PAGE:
Prof. Rebecca Ruth Gould has been publishing a series of interviews addressing translation and activism at Full Stop. Her latest is a great conversation with professor and translator Samah Selim and covers things like the differences and similarities between translating fiction and non-fiction, the status of translators in the publishing industry, forming a new translation collective in Cairo, and her experience doing translation work during the Arab Spring. Quote below, but read the whole thing here.
More specifically, in terms of translation ‘and’ activism, there is a huge need for what you might call ‘political translation.’ This was something I realized during the 2011 uprisings, when people were up in arms around the world and there needed to be a way for them to reach out and talk to each other. There was a lot of translation happening in 2011 and 2012, from manifestos, action campaigns and press releases to newspaper articles, video and film. In Egypt, a wonderful group of translators came together around the Mosireen video collective to do subtitling for their productions — street journalism and witness testimonials (incidentally, this was how I learned to subtitle, in the middle of a revolution, and it’s a skill I’m really thankful for). A lot of that broad and intensely dynamic translation action died down after the first couple of years, but I hope that it will see a resurgence in the aftermath of Covid-19. Fragile and exploited populations around the world are dealing with very similar social catastrophes and struggles as a result of the pandemic, and the kinds of horizontal communication made possible by translators are essential to creating alternative grass roots and internationalist readings of the crisis as well as programs for the future. It’s difficult for one person going it alone though. This kind of political translation belongs to collective spaces and larger political projects in order to thrive and do its work. There are some communities of like-minded activist translators out there already like Tlaxcala for example, but of course there is a need for many more.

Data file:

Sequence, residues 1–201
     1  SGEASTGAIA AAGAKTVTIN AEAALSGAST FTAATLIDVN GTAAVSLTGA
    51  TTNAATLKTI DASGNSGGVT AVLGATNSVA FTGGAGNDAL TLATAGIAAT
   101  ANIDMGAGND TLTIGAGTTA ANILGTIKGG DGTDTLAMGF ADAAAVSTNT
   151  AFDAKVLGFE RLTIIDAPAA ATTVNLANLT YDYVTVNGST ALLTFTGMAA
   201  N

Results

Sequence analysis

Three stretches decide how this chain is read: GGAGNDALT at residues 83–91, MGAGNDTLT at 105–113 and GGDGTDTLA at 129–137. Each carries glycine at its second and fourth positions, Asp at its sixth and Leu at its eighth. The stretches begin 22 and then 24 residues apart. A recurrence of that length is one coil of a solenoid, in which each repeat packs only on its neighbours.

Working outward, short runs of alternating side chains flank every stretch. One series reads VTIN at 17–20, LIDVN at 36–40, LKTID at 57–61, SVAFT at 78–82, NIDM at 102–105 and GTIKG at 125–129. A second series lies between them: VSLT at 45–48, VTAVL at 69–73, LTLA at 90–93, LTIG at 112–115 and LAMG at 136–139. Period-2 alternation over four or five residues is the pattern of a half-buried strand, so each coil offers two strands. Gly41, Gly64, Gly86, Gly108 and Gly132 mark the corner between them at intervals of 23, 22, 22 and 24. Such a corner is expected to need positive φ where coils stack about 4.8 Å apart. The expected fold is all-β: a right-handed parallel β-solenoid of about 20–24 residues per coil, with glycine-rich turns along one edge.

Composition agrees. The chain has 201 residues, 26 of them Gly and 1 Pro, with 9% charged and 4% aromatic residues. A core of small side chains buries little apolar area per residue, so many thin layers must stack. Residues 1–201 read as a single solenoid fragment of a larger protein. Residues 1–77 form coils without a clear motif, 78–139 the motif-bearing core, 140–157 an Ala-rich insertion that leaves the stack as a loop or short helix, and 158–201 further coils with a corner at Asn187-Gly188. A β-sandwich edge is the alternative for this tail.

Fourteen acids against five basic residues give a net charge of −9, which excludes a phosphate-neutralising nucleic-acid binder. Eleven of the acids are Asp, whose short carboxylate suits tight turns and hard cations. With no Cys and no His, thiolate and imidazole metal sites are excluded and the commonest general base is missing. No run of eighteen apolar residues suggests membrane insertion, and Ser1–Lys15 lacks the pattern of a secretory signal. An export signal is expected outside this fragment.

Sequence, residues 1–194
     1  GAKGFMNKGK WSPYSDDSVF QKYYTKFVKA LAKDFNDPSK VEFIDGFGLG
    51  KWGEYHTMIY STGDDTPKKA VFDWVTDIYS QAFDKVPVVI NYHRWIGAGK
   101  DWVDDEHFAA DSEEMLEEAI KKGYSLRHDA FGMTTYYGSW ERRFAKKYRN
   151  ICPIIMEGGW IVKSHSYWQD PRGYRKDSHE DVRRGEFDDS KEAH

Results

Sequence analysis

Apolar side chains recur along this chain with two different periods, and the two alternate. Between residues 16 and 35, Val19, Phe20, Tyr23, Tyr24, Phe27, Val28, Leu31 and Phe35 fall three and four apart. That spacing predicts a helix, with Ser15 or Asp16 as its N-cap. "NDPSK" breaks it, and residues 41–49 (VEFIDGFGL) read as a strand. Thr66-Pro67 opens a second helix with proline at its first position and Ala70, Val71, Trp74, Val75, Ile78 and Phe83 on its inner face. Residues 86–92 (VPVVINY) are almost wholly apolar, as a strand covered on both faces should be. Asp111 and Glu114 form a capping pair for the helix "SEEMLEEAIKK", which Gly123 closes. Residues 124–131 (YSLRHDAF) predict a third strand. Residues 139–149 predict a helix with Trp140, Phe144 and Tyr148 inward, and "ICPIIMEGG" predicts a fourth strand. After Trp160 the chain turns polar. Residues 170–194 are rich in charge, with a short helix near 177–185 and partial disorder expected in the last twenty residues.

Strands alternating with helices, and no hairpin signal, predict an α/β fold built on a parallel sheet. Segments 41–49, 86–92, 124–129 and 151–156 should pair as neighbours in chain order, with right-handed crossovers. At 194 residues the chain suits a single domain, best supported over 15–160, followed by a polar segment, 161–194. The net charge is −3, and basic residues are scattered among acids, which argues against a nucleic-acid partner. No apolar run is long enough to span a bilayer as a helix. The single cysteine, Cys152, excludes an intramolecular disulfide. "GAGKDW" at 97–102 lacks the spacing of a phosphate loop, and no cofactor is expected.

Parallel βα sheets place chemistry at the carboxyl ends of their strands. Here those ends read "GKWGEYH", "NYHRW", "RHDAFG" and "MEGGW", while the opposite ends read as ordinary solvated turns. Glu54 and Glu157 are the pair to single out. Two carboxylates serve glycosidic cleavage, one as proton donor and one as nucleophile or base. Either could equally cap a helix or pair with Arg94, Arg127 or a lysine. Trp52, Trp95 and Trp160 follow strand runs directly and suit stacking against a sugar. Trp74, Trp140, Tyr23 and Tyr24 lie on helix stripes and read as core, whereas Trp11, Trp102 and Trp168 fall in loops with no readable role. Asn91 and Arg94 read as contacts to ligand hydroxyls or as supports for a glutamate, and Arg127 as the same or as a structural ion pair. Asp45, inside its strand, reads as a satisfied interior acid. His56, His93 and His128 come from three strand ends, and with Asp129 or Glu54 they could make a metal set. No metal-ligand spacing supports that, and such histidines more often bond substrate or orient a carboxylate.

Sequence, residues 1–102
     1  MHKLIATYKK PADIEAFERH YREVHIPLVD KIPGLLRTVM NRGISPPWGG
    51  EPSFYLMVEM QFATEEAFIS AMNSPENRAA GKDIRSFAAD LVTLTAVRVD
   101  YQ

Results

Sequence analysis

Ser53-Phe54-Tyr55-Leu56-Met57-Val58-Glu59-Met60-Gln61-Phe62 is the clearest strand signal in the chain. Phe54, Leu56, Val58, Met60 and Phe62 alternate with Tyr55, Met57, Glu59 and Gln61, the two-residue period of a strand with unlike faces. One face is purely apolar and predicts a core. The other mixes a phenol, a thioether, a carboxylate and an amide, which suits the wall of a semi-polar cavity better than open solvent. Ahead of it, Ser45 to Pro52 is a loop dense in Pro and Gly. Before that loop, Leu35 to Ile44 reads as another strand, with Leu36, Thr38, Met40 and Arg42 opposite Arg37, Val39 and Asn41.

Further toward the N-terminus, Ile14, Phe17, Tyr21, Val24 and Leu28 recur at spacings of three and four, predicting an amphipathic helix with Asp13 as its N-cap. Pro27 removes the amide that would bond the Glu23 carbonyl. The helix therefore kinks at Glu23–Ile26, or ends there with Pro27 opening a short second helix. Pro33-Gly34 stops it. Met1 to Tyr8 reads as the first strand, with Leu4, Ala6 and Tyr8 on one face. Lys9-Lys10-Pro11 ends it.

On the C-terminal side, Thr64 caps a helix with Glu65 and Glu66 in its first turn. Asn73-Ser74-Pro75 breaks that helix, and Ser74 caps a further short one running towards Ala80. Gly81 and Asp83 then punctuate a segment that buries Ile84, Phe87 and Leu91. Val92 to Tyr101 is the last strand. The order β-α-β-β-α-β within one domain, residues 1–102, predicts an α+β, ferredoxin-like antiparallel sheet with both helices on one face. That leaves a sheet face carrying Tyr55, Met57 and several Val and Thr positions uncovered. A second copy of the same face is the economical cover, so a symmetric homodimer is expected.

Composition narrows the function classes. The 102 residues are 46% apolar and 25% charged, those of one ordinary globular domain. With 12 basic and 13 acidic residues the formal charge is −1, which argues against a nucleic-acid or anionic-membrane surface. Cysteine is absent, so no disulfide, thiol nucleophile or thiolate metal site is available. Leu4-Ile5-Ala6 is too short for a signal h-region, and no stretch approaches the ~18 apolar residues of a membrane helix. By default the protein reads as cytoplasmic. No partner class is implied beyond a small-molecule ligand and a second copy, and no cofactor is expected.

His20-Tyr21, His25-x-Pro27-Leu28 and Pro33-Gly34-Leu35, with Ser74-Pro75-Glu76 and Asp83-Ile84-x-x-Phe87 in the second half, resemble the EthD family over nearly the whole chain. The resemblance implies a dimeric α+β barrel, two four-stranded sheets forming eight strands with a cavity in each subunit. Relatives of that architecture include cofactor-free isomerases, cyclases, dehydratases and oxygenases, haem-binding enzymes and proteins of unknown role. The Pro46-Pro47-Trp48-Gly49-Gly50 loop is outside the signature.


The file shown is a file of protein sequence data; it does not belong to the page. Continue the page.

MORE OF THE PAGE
There is also an older but more in-depth interview with Prof. Selim here. It gets into a lot more detail about her work during the Arab Spring, her work with the subtitling collective Mosireen, and thoughts about translation and activism more generally.
Now, all these years later, I suppose I can say that with regards to my academic profession and my vocation as a translator, the revolution honed my understanding of how an ongoing liberation project, very broadly defined, shapes the basis of modern Arab culture, including literature of course. My interests in translation have moved in new directions as a result. I’m not so interested anymore in the idea of translation as “marketplace” or “bridge”, but as a form of radical knowledge production.